If you’re concerned about weight gain while taking Boniva, talk with your doctor. They can recommend healthy ways for you to manage your weight while taking this drug.

How long do side effects of Boniva last?

The amount of time that side effects last after you take Boniva can vary. For example, after your first Boniva dose, you may have flu-like symptoms that usually go away within 48 hours. However, bone, joint, or muscle pain may last for several weeks, especially if the pain is a sign of a possible thigh fracture.

Be sure to tell your doctor about any possible side effects you experience while taking Boniva. They can help determine whether these side effects are serious. Your doctor can also help you decide if a different drug option is better for you.

The Boniva dosage your doctor prescribes will depend on several factors. These include:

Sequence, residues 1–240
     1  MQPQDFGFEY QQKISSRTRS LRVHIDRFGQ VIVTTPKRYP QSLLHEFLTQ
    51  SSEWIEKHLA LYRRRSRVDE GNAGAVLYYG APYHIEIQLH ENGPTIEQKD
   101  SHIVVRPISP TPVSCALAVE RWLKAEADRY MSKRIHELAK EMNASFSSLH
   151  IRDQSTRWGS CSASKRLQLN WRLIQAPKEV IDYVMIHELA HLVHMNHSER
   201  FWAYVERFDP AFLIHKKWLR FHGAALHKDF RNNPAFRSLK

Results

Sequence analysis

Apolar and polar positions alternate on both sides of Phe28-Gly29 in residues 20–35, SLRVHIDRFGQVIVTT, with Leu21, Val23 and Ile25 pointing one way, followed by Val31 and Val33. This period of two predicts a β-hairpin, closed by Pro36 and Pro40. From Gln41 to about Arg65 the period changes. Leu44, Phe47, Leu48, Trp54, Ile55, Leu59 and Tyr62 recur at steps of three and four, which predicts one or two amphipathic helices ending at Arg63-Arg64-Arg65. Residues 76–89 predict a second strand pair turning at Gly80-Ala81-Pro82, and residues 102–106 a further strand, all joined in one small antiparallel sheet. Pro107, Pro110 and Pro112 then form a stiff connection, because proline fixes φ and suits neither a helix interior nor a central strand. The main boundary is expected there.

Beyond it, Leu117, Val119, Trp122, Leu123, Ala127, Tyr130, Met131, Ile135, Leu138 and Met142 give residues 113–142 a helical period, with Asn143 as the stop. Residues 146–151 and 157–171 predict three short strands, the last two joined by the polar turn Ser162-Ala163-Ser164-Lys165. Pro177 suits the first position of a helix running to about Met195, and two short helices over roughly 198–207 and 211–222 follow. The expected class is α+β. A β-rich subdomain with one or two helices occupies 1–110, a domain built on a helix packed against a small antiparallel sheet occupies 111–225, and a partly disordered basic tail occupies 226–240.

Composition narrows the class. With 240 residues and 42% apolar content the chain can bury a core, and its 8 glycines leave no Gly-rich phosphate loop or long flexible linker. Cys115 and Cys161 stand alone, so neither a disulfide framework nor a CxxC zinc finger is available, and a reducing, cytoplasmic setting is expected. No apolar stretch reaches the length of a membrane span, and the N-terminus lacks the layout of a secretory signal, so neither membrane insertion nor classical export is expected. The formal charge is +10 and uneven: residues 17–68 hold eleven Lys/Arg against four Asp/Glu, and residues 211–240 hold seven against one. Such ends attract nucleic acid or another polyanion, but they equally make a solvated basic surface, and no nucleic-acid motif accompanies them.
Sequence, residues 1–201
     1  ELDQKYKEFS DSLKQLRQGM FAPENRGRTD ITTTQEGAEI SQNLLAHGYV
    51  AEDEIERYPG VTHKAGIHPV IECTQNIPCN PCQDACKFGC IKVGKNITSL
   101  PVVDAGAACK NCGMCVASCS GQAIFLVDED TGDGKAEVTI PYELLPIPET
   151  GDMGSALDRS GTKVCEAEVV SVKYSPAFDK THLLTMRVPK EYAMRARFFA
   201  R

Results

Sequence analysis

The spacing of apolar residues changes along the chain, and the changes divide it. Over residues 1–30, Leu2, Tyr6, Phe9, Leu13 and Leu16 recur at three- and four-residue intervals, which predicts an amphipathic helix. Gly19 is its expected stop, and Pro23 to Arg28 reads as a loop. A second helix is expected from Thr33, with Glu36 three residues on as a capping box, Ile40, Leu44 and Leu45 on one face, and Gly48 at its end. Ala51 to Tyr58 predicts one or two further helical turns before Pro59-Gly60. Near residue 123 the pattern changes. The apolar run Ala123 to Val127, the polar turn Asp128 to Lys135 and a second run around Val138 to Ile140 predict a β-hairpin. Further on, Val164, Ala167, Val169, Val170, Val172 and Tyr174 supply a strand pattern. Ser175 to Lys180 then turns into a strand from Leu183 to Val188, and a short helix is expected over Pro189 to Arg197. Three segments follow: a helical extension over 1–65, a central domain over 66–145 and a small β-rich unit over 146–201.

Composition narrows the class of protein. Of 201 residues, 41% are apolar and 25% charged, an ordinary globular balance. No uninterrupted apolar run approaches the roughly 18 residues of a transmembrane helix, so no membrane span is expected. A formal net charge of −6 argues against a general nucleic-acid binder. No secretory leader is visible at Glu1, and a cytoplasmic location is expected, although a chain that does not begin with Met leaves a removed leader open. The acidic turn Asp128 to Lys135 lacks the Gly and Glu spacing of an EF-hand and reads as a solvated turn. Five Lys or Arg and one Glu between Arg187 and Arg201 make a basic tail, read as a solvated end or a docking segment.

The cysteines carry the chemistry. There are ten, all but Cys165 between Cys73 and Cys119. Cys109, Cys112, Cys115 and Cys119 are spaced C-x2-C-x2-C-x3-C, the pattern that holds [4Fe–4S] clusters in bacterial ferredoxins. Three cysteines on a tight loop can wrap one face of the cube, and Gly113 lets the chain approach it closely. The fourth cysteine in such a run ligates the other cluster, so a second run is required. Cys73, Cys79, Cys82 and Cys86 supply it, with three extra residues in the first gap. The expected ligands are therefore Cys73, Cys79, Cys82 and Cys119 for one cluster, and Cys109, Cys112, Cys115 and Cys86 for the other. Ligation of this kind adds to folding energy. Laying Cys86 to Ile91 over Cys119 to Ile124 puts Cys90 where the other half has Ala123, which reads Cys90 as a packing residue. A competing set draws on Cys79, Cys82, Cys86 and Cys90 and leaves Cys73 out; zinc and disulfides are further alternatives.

• the form of Boniva you take
  • other medical conditions you may have

Your doctor will start you on the typical Boniva dosage used to prevent or treat osteoporosis. Then they’ll check your condition on a regular basis to decide if you need to keep taking the drug. Your doctor will ultimately prescribe Boniva for the shortest amount of time needed to prevent or treat osteoporosis. The goal is to help lower your risk for side effects. (For information on side effects, see the “Boniva side effects” section above.)

The following information describes dosages that are commonly used or recommended. However, be sure to take the dosage your doctor prescribes for you. Your doctor will determine the best dosage to fit your needs.

Drug forms and strengths

Boniva comes in two forms:

  • Tablet. Boniva tablets are swallowed and are available in one strength: 150 milligrams (mg).
  • Injection. If you’re not able to swallow Boniva tablets, your doctor may decide that Boniva injections are a better option for you. The injection is given as an intravenous (IV) infusion for 15 to 30 seconds. An infusion is an injection into a vein that’s given over a period of time. A healthcare provider will give you the injections in a doctor’s office, a clinic, or your home. Boniva injections are available in one strength: 3 mg/3 milliliters (mL).